Infertility, madness, and memory

WelcomeMatPhoto credit.

When I sit in the midwife’s office, waiting to see if the bleeding is another miscarriage, the time that passes is both immeasurable and long, the silence both a racket and a void. My husband, of course, has a stake in the outcome, but I am more aware than ever of my aloneness in this moment. That women carry children, bear children, nurse children—it is a special kind of burden, and I am feeling its sting as I try to take deep breaths. I think about my friend Addie’s truth: faith is an empty room.

It’s hard to know exactly what other writers mean when they speak their truths, but for me, this sentiment describes how any kind of faith, not just religious faith, but belief and trust in anything you can’t know for sure, anything out of your grasp, is essentially a journey of solitude. No one can tell you it will be okay. No one can shoulder what you fear. You may eventually find comfort in the experiences of others, but there is a significant portion of your time spent in isolation. It must be that way.

This blog will attempt to talk about my experiences in those empty rooms. Nonfiction writers and memoirists often have 1 or 2 topics they come back to again and again. The topics they just can’t quit, the ones that formed who they are. In my grad school MFA program, we quickly learned each other’s topics: cancer, family dysfunction, exploration of modern masculinity, sexual identity, evangelical Christianity, landscape and identity. We wrote about them over and over again, seeing our cancer diagnosis as it related to our spouse, seeing our sexual orientation as it influenced our childhood. We wanted to understand our obsessions and so we wrote our way through them.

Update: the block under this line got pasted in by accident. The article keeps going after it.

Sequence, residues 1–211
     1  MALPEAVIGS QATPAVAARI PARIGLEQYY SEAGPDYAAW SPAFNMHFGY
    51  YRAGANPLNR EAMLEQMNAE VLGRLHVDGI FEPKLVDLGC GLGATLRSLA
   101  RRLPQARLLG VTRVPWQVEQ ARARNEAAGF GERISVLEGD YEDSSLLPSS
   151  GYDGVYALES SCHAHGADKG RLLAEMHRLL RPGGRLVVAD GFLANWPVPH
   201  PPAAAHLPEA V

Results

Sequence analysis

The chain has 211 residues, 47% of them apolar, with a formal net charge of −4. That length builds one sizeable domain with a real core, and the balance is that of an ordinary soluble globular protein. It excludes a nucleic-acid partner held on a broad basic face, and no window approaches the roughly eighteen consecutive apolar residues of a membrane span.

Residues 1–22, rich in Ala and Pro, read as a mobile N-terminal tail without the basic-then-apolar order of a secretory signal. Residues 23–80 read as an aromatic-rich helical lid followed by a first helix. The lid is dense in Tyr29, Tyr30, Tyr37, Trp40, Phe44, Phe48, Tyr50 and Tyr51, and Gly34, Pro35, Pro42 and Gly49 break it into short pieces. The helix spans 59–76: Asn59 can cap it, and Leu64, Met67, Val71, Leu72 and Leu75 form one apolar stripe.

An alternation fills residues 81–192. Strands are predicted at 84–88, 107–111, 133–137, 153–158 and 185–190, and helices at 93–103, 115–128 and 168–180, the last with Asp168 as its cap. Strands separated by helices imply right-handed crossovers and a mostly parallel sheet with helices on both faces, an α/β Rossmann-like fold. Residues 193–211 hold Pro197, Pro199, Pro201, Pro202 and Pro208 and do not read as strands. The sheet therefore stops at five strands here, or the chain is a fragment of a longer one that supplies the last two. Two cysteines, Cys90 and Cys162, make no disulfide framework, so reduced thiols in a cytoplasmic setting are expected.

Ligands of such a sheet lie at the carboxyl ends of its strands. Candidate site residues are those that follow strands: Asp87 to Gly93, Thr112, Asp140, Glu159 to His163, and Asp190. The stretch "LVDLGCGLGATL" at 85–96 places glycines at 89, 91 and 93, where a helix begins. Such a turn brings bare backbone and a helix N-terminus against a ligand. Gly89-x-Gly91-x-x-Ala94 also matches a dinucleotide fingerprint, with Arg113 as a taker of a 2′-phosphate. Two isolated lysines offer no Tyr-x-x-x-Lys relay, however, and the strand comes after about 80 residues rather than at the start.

This blog will tackle the two topics I return to again and again: my attempts to become and remain pregnant, and my lifelong history of mental illness. Though not related through cause and effect, they are in many ways inseparable to me because they inform so much of how I see the world. They have been at turns destructive and nurturing, terrifying and fascinating. If these topics are familiar to you in your own life, this blog may be for you. If they’re unfamiliar but you like entering unknown worlds, this blog may be for you. If you enjoy memoir and nonfiction as a genre, no matter the topic, this blog may be for you.



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